While the construction is similar and the amount and type of the latex is the same … they would have a different “feel” in terms of PPP (Posture and alignment, Pressure relief, and Personal preferences) because of the differences in their construction and design and any differences in the firmness of the latex in each one. Tufting will also be firmer than loose layers of the same firmness levels and more wool will have a different “feel” as well.
SleepEz is one of the members here which means I believe they compete well with the best in the industry in terms of quality, value, and service. A forum search on SleepEz (you can just click this) will also bring up hundreds more posts with more information and feedback about them.
Which one is “better” for you would depend on which of the factors in your personal value equation are most important to you but both of them would make good quality choices and you would be choosing between “good and good” in a final choice between them.
I don’t think this is a realistic concern and you can see my reply to the same question that read the same review you probably did in post #2 here. With a single layer there would not be any transition in the middle from one firmness level to the other (or you would feel it much less if the deeper layers had a different firmness level) but you wouldn’t feel the seam itself in either case.
Would you say then that the tufting would help prolong the life of the mattress since it helps prevent impressions?
Thanks for that link, I hadn’t noticed that model on their website. It looks to be a viable option…I guess I just need to decide whether I want to save a few hundred dollars and go with a mattress that I have never personally felt versus one that is a bit more expensive but I have personally felt and like a lot. The large number of good reviews is valuable but still, buying something with this high of a price tag without being able to personally test it worries me somewhat. The fact that I can exchange layers is somewhat reassuring but unfortunately I am the type of person to obsess over small details and I feel like I would be exchanging layers several times in order to try to get it “perfect” which sounds like a little bit of a hassle. It’s really more a fault of my own personality though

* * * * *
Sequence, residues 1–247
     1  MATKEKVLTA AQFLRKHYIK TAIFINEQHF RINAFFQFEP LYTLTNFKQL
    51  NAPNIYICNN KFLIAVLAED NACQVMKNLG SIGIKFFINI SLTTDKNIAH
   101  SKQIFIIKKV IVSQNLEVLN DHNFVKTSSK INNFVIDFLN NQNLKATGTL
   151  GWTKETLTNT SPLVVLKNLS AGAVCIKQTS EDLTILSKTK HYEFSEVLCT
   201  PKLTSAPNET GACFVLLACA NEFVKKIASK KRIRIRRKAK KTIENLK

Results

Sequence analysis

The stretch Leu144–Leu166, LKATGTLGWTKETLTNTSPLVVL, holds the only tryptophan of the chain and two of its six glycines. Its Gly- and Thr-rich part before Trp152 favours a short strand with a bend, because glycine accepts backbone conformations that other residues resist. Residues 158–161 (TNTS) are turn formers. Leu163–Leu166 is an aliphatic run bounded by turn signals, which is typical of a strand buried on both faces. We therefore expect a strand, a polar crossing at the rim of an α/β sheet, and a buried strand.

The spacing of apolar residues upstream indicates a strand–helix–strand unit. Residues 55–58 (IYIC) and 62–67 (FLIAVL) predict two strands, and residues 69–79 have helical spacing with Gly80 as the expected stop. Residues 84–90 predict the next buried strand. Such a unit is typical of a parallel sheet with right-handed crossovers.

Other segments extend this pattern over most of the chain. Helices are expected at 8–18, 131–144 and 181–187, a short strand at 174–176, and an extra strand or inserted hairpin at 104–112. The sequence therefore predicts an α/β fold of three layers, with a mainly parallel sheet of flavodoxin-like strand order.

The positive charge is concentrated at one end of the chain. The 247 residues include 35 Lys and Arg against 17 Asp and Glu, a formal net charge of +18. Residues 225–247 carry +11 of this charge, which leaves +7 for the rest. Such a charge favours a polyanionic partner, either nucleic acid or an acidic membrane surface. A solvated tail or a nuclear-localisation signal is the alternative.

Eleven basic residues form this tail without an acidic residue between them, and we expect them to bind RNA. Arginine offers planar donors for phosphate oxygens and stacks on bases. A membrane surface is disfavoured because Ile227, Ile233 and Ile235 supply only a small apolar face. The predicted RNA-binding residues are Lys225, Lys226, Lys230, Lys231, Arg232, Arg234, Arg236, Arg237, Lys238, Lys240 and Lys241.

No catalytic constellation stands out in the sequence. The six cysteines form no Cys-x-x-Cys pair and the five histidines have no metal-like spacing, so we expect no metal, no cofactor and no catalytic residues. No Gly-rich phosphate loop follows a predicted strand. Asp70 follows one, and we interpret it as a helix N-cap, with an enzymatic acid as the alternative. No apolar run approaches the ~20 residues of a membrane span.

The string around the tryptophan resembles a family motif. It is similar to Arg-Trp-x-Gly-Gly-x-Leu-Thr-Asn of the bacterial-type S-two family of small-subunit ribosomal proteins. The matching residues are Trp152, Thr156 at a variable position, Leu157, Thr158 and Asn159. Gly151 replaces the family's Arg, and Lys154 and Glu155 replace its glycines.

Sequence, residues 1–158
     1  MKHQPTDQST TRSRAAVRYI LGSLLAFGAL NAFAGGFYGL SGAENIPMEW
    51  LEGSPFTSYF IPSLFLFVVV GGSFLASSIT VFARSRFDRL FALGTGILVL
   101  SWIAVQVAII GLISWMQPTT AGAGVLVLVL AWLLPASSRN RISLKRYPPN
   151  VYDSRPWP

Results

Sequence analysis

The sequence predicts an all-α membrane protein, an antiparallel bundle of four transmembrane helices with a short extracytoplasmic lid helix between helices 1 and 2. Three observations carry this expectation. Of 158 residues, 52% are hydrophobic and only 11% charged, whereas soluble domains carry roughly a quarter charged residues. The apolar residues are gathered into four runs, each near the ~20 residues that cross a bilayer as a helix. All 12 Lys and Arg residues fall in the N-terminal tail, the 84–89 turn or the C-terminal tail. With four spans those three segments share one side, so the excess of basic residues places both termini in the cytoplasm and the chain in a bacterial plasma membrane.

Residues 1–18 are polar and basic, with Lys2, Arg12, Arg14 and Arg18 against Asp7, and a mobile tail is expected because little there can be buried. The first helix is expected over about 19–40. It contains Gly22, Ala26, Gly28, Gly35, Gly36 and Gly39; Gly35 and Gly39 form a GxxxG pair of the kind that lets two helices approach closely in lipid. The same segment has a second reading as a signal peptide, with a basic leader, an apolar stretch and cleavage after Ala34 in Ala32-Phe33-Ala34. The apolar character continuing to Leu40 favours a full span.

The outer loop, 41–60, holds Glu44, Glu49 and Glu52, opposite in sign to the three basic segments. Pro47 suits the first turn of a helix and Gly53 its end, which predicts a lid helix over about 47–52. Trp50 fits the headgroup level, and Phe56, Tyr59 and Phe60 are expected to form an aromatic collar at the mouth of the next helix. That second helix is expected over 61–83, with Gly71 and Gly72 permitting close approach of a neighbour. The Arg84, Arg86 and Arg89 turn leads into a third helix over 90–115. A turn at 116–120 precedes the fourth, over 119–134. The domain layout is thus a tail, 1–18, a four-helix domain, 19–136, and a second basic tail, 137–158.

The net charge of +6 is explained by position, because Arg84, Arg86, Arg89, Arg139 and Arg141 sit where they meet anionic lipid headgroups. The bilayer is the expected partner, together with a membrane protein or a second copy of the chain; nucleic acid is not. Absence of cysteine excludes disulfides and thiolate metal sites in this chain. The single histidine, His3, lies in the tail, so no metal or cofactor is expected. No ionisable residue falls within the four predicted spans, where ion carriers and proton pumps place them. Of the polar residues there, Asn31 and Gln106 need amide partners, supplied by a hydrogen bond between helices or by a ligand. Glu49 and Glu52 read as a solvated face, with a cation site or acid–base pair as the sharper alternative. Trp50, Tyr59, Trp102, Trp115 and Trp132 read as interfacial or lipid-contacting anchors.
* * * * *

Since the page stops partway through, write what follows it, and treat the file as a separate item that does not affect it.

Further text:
In some cases yes but it would depend on the materials and the reasons for the impression and on the effect they have in terms of PPP for a specific person. In general terms though it would probably be fair to say yes. For example it could allow a softer latex or other foam material to stay more consistent across the surface for longer periods of time and it could also prevent the wool from shifting or showing deep impressions but all impressions in a mattress are not necessarily a “bad” thing … only if they are deep enough to affect you in terms of PPP. It also depends on whether the impressions come from the breakdown of a material or whether they are part of the normal response of a material. Thicker layers of wool for example will generally compress by about 30% of it’s height over time and this is part of the normal response of thicker layers of wool on top of a mattress or a wool topper. In this case body impressions aren’t an indication that the mattress is breaking down or is defective or uncomfortable and is part of how wool layers conform to a body shape. Deeper impressions in foam materials on the other hand are usually undesirable and go hand in hand with foam softening and past a certain point can indicate that the foam is breaking down.
I certainly understand and this is part of the tradeoff that can go with an online purchase vs a local purchase and is one of the factors that are part of each person’s personal value equation and risk tolerance. It’s also why I generally suggest that a local purchase that has a premium in the range of about 20% or so (depending on the person) vs an online purchase would be roughly equivalent in terms of “value” assuming all the other pros and cons are the same and you are making apples to apples comparisons.
In some cases the return privileges of an online purchase can also be an important factor as well … at least for peace of mind
I think I am also going to check out Escondido Mattress before I make a decision. I talked to Randy on the phone and he seemed pretty helpful. One thing I am concerned about with his mattresses is that all of his latex mattresses are only 6" deep. I was wondering if that was thick enough because I was testing some other 6" latex mattress out and I could essentially feel what felt like the top of the foundation as I was getting onto the mattress initially (due to the added force of my hands/knees as I got onto it), indicating it might be a bit too thin. I imagine this might be even worse with a softer, less dense latex core. Is this concern warranted at all or are there any other reasons to avoid a 6" latex mattress?